The 450-acre Long Beach complex is scheduled to undergo a detailed review regarding its profitability. Boeing intends to completely integrate Douglas’ operations with its own, and as a result may transfer some production activities from its Puget Sound facility to Long Beach. The decision regarding the Douglas facility will be made in February.

Shrinking Oil Profits

Atlantic Richfield Co. and Unocal Corp. posted lower third-quarter earnings, due in part to lower worldwide oil prices.

L.A.-based Arco’s profit fell 10 percent this quarter because of the lower oil prices and a lower profit margin from its chemicals business; its profits from operations fell from $479 million to $431 million. However, the company still outperformed analysts’ estimates because refining profits on the West Coast were higher than predicted.

El Segundo-based Unocal’s profit fell by 20 percent, also due to lower worldwide oil prices and because of decreased U.S. production of oil and natural gas. Earlier this year, Unocal sold its refining business to Tosco Corp. It consequently could not offset the losses with profits from the sale of gasoline.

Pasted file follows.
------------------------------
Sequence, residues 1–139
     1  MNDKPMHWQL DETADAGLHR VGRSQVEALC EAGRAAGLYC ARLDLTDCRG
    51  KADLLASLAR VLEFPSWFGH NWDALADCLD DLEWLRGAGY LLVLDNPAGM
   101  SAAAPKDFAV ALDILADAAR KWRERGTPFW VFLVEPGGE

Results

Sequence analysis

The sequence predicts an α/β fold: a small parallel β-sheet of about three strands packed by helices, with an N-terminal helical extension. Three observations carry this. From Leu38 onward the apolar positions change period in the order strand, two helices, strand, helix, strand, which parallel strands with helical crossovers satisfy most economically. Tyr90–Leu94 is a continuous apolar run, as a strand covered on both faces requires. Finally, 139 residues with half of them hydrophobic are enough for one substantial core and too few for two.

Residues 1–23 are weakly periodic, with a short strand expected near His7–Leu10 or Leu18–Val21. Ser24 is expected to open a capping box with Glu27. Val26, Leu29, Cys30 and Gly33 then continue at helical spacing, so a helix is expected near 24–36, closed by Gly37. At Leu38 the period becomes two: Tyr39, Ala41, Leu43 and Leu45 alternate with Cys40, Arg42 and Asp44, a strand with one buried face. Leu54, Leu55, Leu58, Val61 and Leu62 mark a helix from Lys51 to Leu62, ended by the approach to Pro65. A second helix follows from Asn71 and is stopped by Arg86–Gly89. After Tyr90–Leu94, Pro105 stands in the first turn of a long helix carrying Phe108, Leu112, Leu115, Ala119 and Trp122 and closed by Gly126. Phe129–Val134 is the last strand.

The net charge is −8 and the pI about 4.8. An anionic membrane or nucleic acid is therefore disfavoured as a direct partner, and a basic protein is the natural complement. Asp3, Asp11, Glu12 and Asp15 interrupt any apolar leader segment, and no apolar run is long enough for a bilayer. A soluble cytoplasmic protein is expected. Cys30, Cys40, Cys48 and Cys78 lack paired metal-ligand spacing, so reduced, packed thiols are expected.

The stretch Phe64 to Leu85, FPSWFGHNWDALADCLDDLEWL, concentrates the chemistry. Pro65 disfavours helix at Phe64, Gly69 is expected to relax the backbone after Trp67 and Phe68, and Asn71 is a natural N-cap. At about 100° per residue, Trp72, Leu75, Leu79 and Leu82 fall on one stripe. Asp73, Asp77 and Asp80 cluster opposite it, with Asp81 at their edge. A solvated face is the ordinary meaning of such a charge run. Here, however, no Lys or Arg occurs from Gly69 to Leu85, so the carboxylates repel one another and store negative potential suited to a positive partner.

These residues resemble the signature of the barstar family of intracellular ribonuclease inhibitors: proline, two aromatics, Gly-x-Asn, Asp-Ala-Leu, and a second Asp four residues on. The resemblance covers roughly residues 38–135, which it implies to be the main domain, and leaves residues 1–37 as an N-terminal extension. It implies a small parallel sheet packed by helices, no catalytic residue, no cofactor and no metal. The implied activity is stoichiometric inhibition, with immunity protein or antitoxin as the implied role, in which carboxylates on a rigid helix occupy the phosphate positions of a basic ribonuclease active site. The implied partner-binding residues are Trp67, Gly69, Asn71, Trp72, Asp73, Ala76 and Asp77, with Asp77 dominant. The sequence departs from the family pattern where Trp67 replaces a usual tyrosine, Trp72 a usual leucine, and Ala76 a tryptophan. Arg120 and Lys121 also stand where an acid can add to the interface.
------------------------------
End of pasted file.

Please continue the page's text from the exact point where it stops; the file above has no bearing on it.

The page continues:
Oil prices for the third quarter averaged $19.80 per barrel on the New York Mercantile Exchange, compared with $22.30 for the like period a year ago.

Cathedral Purchase

Ira Yellin, a developer who has restored several downtown historic landmarks, obtained the exclusive option to buy the 101-year-old St. Vibiana’s Cathedral.

Yellin and Roman Catholic Archdiocese officials confirmed that Yellin Co. has an option on the earthquake-damaged cathedral until the end of 1998.

Yellin announced that he would like to attract the U.S. Immigration and Naturalization Service to a proposed office site next to the cathedral and convert the church into a reception center.

A spokeswoman for the INS, which has been considering a plan to relocate its L.A. headquarters, said the agency is not currently interested in the site.